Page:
In a second experiment, Dow's PELLETHANE 55D aromatic polyisocyanate-based polyurethane resin Pellethane 55D was compounded with 3 phr of TMPTMA (an acrylic monomer) and exposed to 15 Mrads of high energy electron beam irradiation. No crosslinking was observed in the hot iron test as described above, and the physical properties were unchanged relative to the unirradiated neat pellets. The irradiated material turned dark brown.

The hot iron test is only a screening test. It is not considered a rigorous test for crosslinking. Therefore, a standard test, ASTM D 2765 (method A), using Tetrahydrofuran as the solvent, for determination of the gel content (insoluble fraction) of crosslinked platics, was employed to verify the results obtained reported above with the “hot iron” test.

The ASTM D 2765 test consists of immersing a known weight of polymer in boiling solvent heated to its boiling point for a designated time period. At the end of the the designated time period, the polymer remaining is recovered, dried and weighed. The weight of of polymer remaining divided by the original weight is designated the insoluble fraction or gel fraction or % gel (all equivalent terms). If the weight of of polymer remaining at the end of the time period is the same as the starting weight, then 100% gel is reported. If the weight of of polymer remaining at the end of the time period is half the starting weight, then 50% gel is reported. If all the polymer dissolved, then 0% gel is reported. The % gel number is considered to be a relative measure of the degree of crosslinking present in the polymer material under test. The larger the % gel number, the greater the degree of crosslinking present within the polymer. An uncrosslinked polymer will yield a 0% gel number when subjected to this test in an appropriate solvent. The polymer will be considered crosslinked if the % gel number are greater than 0%. Useful property improvements are usually noticed when the % gel number is above 25%, but this number is not absolute and varies depending on the specific type and grade of polymer species.

For Pellethane TPU, 1 gram samples of the material under test were refluxed, in a Soxhlet type apparatus using pre-weighed thimbles to hold the sample, with boiling tetrahydrofuran solvent for 48 hours. After 48 hours, the samples were withdrawn from the apparatus, dried in a vacuum oven, and weighed. An average based on 5 identical samples in 5 separate tests under identical conditions was reported as the % gel number.

The results of the gel testing is reported in table 2. below.

TABLE 2
Radiation Dose
Polymer (wt %) Monomer (Mrad) % Gel
Pellethane NONE 0 0
2363-55D
Pellethane 3% TAIC1 15 0
2363-55D
Pellethane 3% TMPTMA2 10 36
2363-55D
Pellethane 3% TMPTMA 20 57
2363-55D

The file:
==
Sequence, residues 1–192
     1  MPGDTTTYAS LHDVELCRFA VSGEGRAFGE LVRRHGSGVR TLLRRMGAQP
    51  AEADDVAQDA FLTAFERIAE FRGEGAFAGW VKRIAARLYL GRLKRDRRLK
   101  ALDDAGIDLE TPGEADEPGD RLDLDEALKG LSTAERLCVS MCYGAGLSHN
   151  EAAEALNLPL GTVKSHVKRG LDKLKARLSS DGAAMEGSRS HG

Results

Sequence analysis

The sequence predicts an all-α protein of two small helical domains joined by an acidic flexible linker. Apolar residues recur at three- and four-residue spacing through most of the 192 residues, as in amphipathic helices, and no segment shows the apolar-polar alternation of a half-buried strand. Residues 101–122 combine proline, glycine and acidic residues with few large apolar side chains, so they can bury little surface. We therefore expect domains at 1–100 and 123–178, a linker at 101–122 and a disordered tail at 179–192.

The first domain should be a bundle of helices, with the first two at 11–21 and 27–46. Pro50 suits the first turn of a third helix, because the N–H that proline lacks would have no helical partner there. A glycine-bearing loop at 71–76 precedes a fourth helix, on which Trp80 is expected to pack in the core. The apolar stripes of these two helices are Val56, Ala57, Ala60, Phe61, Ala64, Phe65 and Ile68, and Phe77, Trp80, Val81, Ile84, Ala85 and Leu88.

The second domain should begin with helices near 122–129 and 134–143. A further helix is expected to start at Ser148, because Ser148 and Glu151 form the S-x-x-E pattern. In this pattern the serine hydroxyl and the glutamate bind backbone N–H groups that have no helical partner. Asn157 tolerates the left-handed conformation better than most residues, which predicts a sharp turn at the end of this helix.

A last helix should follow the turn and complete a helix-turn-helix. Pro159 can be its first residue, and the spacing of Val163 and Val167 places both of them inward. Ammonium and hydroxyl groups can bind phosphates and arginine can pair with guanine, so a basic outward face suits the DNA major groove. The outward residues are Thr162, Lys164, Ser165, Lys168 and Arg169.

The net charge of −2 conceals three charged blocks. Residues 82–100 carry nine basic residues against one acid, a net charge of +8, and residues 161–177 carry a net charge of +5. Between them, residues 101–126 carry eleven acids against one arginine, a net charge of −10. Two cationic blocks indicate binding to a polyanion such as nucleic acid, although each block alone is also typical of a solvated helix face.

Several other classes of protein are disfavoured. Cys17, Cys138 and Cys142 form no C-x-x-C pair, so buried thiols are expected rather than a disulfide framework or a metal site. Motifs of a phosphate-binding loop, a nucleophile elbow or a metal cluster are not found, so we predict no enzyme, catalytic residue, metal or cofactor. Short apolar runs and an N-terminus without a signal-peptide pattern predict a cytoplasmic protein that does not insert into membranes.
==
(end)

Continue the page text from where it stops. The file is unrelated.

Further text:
Pellethane 6% TTEGMA3 20 58
2363-55D
Pellethane 3% TMPTMA 0 0
2363-55D
Pellethane NONE 0 0
2363-80A
Pellethane 3% TMPTMA 0 0
2363-80A
Pellethane 3% TMPTMA 10 59
2363-80A
Pellethane 3% TMPTMA 20 63
2363-80A
1TAIC, Triallylisocyanurate
2TMPTMA, Trimethylpropane trimethacrylate
3TTEGMA, Tetraethylene glycol dimethacrylate

For the Pellethane 55D with 3 phr TAIC as the monomer crosslinker at 15 Mrad the % gel was 0. This indicates that Pellethane 55D with 3 phr TAIC as the monomer crosslinker does not crosslink at 15 Mrads of radiation, which agrees with the results obtained with the “hot iron test”.

For Pellethane 55D with 3 phr TMPTMA as the monomer crosslinker and a 10 Mrad dose the % gel was 36% gel at 10 Mrads, and 57% gel at a 20 Mrads. This indicates that Pellethane 55D with 3 phr TMPTMA as the monomer crosslinker does crosslink with radiation, which conclusion does not agree with the results observed with the “hot iron test”. Since the hot iron test is merely a screening test indications of crosslinking, it can not be considered definitive. Rather, as occurred with respect to initial conclusions drawn for Pellethane 55D irradiated in the presence of TMPTMA, the “hot iron” test, can be misleading. Therefore our initial conclusion that aromatic polyurethanes did not crosslink with TMPTMA was incorrect. Testing in accordance with ASTM D-2765, indicated that Pellethane 2363-55D did in fact crosslink with radiation when TMPTMA was used as the monomer crosslinker. Further experiments with other versions of of Pellethane and different crosslinking monomers confirms that Pellethane, an aromatic TPU will generally crosslink in the presence of irradiation and methacrylic and acrylic monomer crosslinkers.

Dow PELLETHANE 80A aromatic polyisocyanate-based polyether polyurethane resin of shore hardness 80A, was compounded with 3 phr TMPTMA (Sartomer SR-350—trimethylolpropane trimethacrylate, a methacrylic monomer), and exposed to 20 Mrads of high energy electron beam irradiation. Gel testing demonstrated 59% gel at 10 Mrads, and 63% gel at 20 Mrads, confirming the presence of crosslinking. Additionally, the elongation of the irradiated material decreased to 400% compared with the unirradiated material whose elongation was 450%. The irradiated material was observed to change color from a tan color to an orange color. Similar results were observed when the same material was compounded with 3 phr of TMPTA (Sartomer SR-351—trimethylolpropane triacrylate, an acrylic monomer)

In another experiment, Dow PELLETHANE 2363-55D aromatic polyisocyanate-based polyether polyurethane resin was compounded with 6 phr of TTEGDMA (Tetraethylene glycol dimethacrylate—UCB Chemicals—a methacrylic monomer) and exposed to 20 Mrads of high energy electron beam irradiation. A “Gel extraction” test was performed whereby a sample of the polymer material exposed to 20 Mrads of electron beam irradiation was boiled for 2 days in Tetrahydrofuran. At the end of the gel test, 58% of the original irradiated material remained undissolved (demonstrating crosslinking occurred), compared with 0% remaining of the unirradiated 55D Pellethane material when exposed to the same test conditions (indicative that no crosslinking occurred). The irradiated material also turned orange.